uploads/2018/06/GE_article-5-1.png

Why Fitch Lowered Its Rating on General Electric

By

Updated

Fitch rating downgrade

On June 14, 2018, Fitch downgraded the long-term IDR (issuer default ratings) for General Electric (GE) and GE Capital to an “A” rating from an “A+” rating. Fitch has affirmed the short-term IDR at “F1.” The agency’s rating outlook is negative.

Why Fitch lowered its rating

Fitch believes that General Electric’s cash flow and earnings will continue to be under pressure. The major reason for this is the underperformance in the GE Power business. The rating agency stated that GE has to evaluate its power (NEE) business portfolio and carry out substantial restructuring measures to lower the overall costs in that business.

Fitch further stated that General Electric’s current portfolio-related actions could reduce its robust diversification. This diversification was an important element in Fitch’s previous “A+” rating on the company. Fitch is also concerned about GE’s huge net pension obligations of ~$29.0 billion. According to the rating agency, heavy dependence on commercial paper and factored receivables also led to GE’s massive $90.0 billion-plus debt.

General Electric’s balance sheet became feeble after the charges in GE Capital’s insurance and WMC businesses. The diversified industrial giant faces considerable risks of contingent liabilities associated with the US FIRREA (Financial Institutions Reform, Recovery, and Enforcement Act) investigation of WMC businesses. The weaknesses in the GE Capital business may require the parent to infuse more cash into it in the future. Fitch believed that until the industrial giant is done with its restructuring, its financial performance remains a matter of concern.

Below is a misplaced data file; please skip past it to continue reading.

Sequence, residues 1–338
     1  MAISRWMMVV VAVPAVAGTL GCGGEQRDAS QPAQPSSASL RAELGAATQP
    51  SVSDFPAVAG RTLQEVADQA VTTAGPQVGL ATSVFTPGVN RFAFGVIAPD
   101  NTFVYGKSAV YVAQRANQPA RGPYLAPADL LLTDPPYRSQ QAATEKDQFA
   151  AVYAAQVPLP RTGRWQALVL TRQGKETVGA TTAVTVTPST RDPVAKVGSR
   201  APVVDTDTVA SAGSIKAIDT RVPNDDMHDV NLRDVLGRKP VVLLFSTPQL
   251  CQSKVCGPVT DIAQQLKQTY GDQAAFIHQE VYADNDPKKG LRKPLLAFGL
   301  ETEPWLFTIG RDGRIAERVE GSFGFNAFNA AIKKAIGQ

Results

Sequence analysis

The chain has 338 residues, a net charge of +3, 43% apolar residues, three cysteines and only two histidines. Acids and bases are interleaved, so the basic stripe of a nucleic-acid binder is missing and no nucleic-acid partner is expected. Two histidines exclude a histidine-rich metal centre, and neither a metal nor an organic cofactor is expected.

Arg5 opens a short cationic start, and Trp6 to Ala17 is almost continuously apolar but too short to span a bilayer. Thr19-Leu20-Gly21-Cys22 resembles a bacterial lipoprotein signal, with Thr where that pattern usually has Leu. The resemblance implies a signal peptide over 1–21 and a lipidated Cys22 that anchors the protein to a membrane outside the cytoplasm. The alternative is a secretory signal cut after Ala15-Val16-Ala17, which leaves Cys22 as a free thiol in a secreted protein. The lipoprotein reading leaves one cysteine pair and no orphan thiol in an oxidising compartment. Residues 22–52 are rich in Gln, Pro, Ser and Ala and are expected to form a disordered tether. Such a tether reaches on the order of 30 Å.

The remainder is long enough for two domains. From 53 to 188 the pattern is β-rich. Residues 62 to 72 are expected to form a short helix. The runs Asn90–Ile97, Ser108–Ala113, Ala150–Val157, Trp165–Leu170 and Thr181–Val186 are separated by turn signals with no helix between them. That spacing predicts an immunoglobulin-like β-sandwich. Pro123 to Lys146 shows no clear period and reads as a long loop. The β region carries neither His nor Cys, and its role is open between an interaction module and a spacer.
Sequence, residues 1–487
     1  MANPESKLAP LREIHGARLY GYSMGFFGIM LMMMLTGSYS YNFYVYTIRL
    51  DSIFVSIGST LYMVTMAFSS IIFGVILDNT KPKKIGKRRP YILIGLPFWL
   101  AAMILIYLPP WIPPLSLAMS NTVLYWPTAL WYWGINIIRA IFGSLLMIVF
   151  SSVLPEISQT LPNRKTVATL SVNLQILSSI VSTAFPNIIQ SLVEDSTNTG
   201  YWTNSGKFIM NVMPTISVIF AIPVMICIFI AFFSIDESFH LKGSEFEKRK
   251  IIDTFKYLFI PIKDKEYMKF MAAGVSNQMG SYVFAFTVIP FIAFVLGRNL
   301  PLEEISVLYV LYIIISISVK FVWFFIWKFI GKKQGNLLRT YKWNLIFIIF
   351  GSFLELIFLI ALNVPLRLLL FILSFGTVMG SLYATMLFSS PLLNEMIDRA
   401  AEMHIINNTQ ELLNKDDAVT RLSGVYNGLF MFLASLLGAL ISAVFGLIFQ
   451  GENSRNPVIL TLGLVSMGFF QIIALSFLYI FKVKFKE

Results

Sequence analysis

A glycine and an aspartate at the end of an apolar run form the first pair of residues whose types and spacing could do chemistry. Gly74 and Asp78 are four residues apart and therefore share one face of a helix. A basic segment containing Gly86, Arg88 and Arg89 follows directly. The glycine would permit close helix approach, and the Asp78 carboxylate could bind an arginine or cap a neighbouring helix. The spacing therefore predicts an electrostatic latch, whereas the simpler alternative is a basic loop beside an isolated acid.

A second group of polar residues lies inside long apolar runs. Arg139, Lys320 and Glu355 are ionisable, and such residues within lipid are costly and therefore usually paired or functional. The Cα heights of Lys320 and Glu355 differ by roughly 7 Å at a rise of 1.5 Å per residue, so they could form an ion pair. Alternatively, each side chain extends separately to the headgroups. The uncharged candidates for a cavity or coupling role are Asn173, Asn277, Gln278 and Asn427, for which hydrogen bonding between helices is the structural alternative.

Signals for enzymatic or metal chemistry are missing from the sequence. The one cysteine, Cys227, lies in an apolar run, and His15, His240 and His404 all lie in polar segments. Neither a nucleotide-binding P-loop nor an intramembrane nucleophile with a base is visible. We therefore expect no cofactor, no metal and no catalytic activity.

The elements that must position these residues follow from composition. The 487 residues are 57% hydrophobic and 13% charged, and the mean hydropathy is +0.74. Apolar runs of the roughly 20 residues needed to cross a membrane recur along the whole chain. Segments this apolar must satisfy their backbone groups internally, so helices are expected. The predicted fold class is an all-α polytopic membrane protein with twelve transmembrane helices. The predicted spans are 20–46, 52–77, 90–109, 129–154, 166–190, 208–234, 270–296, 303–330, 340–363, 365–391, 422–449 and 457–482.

Fitch’s negative outlook

Fitch’s negative outlook on General Electric highlights concerns about GE’s free cash flows. GE’s Renewable segment is seeing solid pricing pressure, which could subdue the vertical’s growth. The rating agency stated it is also concerned about the loss of earnings and cash flow from asset sales. Investors should keep a watch on the company’s restructuring program in the Power segment pursuant to industry overcapacity and consumers’ changing preference for renewable energy over conventional energy.

The Vanguard Industrials ETF (VIS) has the second highest exposure to General Electric at 4.1% among all the ETFs that hold the company’s stock. Industrial majors such as Boeing (BA), 3M (MMM), and Union Pacific (UNP) are included in the top holdings of VIS with weights of 6.7%, 3.9%, and 3.8%, respectively.

Will GE make a big announcement soon? We’ll discuss this possibility in the next article.

More From Market Realist